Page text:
Second “secret” is avoid “task-Switching”. Work ahead and avoid task-switching, which I’ve caught myself doing many times. You need to batch together similar tasks and stay on task. Don’t allow yourself to stray from those tasks. Again, sound familiar. I find there are times where I’m working on something, I’ll stray away and go on to something else. So, what happens I’m unproductive and end up not getting what I need done. Seems all commons sense right? well then why do we end up not following that common sense. Got me, but I tried to correct that this summer.
The third “secret”, use scheduling to create your boundaries around time. I found this to be very helpful. I scheduled different tasks I needed to get done during the summer on certain days and hours. When I did this, and followed the plan I got a ton of stuff done. For example, on Tuesday and Wednesday mornings I would work on lesson plans. When I kept to the plan it worked and I got a lot things done. Once I strayed from the plan, well let’s just say very little got done.
Number Four on the list is “Figure out the main thing and do it first”. So, what is the most important or main thing you need to get done this summer. Or, which is the most urgent and an overwhelmingly large task that you need to do. My main task would be my lesson plans and activities. I know, summer is almost over, but this does work during the year also. The most important tasks need to be done first. Make a list, put the most important at the top of the list.
The last secret is to look “for innovative ways to relax any standards that create unnecessary work”. Look for ways to make things easier on yourself this year. Relax and say no to unnecessary work. Look for activities or assignments from another teacher. Adapt them to your class but don’t reinvent the wheel. If something didn’t work last year, then change it to suit your class, or don’t do the assignment. With this one I have a tendency to create an assignment that is a lot more intricate then has to be. More work for me. Simplify things, let the students take control of their learning. This is where Blended Learning and Flipped Learning comes in. Collaborate with another teacher to make things a bit easier on yourself. All good advice, that I sometimes must admit I forget.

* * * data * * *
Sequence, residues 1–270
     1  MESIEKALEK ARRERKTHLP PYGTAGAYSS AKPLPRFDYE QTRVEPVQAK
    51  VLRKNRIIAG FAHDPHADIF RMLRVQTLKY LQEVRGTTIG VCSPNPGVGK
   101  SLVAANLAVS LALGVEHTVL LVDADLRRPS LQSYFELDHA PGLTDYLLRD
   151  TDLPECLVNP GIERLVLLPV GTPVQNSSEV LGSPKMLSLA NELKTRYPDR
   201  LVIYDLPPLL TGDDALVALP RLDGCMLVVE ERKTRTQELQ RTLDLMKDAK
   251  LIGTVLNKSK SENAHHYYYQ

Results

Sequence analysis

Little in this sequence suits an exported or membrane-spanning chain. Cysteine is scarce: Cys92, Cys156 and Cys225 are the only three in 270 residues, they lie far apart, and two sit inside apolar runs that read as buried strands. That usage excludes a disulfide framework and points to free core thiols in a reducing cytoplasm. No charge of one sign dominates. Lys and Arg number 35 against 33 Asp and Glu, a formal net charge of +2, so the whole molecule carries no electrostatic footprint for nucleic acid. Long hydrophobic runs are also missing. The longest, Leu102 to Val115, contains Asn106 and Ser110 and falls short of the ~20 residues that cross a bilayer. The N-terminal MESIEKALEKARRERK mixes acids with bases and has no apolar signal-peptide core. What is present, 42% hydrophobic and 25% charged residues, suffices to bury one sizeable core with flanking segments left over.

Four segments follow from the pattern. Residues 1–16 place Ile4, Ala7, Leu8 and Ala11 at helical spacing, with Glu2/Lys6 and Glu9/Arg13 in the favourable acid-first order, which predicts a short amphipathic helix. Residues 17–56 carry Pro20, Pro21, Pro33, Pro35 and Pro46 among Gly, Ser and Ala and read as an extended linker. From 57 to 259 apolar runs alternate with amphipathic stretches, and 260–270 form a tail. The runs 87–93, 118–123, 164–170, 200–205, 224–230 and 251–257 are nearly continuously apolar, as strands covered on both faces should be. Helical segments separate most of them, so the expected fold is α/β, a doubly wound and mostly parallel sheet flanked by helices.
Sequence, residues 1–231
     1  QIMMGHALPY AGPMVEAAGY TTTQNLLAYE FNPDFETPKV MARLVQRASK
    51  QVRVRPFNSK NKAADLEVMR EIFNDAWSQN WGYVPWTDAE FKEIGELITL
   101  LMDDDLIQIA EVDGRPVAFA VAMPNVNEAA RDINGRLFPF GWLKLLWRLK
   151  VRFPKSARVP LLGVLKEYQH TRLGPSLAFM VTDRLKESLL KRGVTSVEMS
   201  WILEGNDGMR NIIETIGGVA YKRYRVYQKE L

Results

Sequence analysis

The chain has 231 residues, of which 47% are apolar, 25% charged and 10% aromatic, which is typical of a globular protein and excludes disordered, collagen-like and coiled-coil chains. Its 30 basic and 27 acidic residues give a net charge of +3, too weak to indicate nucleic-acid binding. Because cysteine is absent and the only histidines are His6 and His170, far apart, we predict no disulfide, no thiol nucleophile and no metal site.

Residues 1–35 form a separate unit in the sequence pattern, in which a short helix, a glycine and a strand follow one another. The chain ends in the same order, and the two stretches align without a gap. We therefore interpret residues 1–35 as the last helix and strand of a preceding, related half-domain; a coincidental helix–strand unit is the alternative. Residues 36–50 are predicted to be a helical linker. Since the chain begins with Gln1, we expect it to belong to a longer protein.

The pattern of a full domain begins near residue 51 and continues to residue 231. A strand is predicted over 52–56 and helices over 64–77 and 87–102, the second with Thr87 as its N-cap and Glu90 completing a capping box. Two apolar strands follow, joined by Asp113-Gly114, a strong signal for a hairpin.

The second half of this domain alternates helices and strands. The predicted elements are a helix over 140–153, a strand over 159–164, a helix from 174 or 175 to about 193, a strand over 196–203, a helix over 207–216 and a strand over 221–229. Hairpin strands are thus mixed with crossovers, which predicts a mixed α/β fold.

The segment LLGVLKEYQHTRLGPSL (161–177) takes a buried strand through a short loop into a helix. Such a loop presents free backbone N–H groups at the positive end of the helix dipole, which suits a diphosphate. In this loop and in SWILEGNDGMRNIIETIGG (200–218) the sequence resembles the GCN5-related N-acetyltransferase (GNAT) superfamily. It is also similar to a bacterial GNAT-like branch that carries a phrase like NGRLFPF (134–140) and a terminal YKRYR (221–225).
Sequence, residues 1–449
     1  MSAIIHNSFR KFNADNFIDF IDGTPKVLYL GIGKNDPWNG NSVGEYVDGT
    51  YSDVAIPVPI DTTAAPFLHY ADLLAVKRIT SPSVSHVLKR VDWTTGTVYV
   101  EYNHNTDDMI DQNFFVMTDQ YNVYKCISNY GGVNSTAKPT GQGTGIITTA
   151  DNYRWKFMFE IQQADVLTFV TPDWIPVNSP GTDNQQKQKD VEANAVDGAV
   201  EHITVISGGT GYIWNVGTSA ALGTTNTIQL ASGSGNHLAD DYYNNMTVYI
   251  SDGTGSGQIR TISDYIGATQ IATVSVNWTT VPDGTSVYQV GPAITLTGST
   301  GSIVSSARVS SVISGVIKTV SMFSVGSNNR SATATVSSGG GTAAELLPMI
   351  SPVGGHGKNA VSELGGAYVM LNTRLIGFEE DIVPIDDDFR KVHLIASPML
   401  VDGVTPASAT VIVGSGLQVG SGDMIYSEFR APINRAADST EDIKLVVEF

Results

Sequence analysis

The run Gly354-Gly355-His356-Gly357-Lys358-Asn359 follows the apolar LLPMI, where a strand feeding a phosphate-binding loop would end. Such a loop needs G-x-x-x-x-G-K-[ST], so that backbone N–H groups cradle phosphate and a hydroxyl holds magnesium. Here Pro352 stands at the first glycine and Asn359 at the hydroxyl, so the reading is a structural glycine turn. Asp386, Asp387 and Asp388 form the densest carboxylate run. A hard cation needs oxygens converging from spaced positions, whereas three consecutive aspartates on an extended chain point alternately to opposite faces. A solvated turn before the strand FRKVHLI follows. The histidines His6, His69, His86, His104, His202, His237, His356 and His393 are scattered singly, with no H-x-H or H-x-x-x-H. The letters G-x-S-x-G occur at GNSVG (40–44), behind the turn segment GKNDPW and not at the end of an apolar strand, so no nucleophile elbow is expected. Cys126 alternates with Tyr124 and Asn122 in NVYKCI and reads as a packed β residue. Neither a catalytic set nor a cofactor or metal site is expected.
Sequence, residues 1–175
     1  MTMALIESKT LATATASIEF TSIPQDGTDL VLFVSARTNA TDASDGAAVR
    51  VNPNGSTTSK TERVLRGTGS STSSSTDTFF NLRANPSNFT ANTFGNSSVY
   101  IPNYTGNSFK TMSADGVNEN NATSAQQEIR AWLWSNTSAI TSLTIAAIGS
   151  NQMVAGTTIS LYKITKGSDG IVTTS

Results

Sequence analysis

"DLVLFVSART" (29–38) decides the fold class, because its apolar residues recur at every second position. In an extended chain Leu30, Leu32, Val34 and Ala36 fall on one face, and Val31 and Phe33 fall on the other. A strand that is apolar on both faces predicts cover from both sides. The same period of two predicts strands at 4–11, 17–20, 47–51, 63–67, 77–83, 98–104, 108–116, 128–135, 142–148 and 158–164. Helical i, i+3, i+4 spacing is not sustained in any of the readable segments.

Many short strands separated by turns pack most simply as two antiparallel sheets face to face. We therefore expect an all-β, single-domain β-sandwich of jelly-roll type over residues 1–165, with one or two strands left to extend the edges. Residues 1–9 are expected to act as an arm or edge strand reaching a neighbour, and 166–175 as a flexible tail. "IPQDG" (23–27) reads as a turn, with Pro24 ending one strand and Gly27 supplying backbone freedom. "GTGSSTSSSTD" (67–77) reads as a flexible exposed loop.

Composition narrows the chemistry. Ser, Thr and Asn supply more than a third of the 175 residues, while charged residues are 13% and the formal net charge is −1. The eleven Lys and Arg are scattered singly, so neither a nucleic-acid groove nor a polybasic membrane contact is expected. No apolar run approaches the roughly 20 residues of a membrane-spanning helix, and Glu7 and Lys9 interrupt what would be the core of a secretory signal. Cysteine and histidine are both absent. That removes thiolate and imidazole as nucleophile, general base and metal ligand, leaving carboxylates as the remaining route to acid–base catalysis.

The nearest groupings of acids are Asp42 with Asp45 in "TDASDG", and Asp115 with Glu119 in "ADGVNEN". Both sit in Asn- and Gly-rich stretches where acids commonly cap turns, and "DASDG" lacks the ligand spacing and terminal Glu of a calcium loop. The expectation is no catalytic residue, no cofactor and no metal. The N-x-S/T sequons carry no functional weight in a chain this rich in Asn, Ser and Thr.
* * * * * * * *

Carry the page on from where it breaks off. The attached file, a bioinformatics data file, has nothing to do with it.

When I followed this advice, I felt good about the beginning of the year. I still do even though I strayed a bit. This is great advice and does work. Try it. I know the summer is coming to an end, but some of this can still be done during the year. I would advise you subscribe to Ms. Watson’s newsletter and podcasts, she really does have some great advice.
Anglea Watson The Cornerstone for teachers
This is the start of a series of blogs that will discuss Angela Watson’s “5 Summer Secrets for a stress-free fall”. 5 stress-free ways for a less stressful fall? Is that realistic? After listening to Ms. Watson’s podcast and downloading all her resources, I started to take her advice and use her resources to begin my journey. And I became aware that it is possible. I did this is because every summer I feel like I don’t get what I need to get done. This year I’d like to be ready for school. I always feel like the summer goes by and I haven’t completed any of the tasks I wanted to get done.